A Quick Guide to Russian Family and Friends

At the risk of offending some people by leaving them off, I’ll make a stab at giving a Russian ‘cast of characters’ to help minimize confusion —

Mike Cantrell: uhmmmm, me

Olga Cantrell: my wife, we married in 2001. She is the BEST!

Tanya Yaskevich: Olga’s mother

Alla Pavetic: Olga’s twin sister who now lives in Montenegro (see this post for the Montenegrin guide)

Orest and Ludmilla Groten (Grootten): Olga’s grandparents, Tanya’s parents, in the summers they live at ‘dacha’, an old log home in a village south of St. Petersburg. Continue reading

A Postcard from Russia — Russian Blessings

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Even though Olga and I are in the US, it certainly doesn’t mean that the fellowship and ministry in Russia stops. Last week MIR had a pot-luck dinner for staff and associates. Pictured above is the new MIR Executive Director Masha Oshkina. Masha wrote, “The potluck went really well, with no extra stress. It was the first time 23 people, including 7 kids, were filling MIR’s office. Everyone was relaxed, we had main course in russian_blessings_2.jpgthe kitchen area and desserts and music in the main office. I love having new families around.” She’s referring to two families (one a family of 6) who recently moved there as long-term missionaries. God continues to call people, even large families, to Russia. It’s a joy to see such life and growth.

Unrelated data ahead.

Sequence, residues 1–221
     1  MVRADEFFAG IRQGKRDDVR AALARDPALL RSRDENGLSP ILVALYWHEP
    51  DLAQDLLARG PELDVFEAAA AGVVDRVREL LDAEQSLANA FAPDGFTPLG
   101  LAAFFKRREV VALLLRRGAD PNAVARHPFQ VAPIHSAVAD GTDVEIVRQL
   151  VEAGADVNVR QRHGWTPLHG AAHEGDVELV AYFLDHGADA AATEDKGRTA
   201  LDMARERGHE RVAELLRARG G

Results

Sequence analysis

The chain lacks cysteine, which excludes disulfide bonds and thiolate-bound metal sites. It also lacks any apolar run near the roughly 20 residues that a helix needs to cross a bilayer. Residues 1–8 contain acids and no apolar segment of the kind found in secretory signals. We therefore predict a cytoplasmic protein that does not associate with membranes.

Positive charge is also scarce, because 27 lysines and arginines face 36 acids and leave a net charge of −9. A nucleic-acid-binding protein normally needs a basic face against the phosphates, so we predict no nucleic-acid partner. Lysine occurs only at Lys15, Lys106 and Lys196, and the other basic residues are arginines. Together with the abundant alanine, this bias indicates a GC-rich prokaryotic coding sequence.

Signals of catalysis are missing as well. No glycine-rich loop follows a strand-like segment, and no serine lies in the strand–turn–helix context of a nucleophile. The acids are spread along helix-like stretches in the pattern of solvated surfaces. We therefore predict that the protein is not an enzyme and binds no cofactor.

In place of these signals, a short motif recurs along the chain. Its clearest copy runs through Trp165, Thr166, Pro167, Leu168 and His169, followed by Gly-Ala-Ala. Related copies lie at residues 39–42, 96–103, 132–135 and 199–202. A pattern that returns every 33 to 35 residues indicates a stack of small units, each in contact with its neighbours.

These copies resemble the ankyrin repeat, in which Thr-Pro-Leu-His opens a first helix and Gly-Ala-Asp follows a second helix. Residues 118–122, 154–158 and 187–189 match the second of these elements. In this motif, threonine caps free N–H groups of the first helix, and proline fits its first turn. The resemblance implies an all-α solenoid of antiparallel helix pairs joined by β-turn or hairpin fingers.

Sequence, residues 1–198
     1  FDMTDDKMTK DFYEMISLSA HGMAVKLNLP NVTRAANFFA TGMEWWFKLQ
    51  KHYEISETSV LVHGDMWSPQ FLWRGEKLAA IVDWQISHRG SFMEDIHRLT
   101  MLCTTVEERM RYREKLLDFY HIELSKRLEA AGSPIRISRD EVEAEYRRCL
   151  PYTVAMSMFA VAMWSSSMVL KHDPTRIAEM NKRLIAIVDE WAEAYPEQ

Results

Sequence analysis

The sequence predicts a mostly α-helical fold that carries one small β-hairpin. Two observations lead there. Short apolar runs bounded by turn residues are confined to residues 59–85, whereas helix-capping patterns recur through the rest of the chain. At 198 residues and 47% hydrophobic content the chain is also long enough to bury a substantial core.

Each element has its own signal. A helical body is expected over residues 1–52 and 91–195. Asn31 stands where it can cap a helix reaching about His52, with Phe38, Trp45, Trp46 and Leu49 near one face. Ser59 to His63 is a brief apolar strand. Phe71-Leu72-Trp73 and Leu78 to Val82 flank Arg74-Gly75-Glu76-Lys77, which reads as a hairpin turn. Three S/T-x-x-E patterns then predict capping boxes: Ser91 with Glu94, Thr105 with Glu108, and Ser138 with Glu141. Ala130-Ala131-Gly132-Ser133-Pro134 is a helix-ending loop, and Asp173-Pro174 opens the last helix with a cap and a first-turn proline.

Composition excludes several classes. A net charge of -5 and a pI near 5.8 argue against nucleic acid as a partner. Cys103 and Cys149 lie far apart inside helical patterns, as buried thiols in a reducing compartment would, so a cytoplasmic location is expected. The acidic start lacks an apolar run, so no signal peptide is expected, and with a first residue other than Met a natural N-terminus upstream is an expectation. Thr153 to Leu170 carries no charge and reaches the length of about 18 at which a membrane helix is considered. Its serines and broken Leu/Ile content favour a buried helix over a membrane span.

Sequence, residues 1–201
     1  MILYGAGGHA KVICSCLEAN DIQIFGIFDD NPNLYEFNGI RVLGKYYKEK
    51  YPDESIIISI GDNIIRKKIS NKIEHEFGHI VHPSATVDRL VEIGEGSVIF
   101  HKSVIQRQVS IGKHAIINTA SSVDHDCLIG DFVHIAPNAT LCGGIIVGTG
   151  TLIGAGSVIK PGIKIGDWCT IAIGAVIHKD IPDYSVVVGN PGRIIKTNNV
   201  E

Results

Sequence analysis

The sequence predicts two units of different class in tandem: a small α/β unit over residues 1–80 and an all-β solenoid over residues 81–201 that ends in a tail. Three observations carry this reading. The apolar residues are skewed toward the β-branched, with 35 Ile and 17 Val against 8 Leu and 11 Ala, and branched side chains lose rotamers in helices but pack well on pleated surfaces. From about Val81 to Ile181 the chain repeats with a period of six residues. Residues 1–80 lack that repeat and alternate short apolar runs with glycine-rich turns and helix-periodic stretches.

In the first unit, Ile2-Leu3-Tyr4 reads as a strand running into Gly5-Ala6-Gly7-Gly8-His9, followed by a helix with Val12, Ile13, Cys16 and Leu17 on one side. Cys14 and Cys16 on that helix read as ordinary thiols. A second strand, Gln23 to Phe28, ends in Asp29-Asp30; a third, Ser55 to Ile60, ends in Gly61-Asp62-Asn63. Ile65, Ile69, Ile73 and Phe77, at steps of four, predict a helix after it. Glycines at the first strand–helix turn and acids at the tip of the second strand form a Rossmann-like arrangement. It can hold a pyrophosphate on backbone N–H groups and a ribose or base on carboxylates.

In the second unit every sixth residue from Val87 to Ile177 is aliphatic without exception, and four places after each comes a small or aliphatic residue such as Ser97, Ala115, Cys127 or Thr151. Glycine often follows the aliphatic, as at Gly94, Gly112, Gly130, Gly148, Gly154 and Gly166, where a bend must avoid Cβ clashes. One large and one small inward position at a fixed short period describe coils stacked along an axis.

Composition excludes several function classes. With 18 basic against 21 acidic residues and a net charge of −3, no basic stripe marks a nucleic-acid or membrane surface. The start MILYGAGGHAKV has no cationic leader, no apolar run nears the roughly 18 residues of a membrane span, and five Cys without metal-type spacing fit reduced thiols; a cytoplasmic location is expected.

Olga and I had a very good trip to the Northeastern United States. In less than two weeks we visited family, friends, churches and ministries in Pennsylvania, New York, Massachusetts, Virginia, Kentucky and Tennessee. It was a fruitful and relaxing time. We’re now in Georgia staying with my parents and will visit Texas in December (and may visit Kentucky again in November). In our next update, we look forward to sharing more about our lives in Russia and our new roles in the work in Belarus and Montenegro.

And good news is that the ministry continues in Russia: MIR is planning to send about forty orphans to the US this Christmas on the hosting program, short-term mission teams are in Russia now and more are on the way, long-term missionaries continue their ministries, and God’s love is shared in many ways. He deserves all the credit and thanks, and we are very thankful to be called to share in His good work, both here and abroad.

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Katya, Svyeta, Nadia, Masha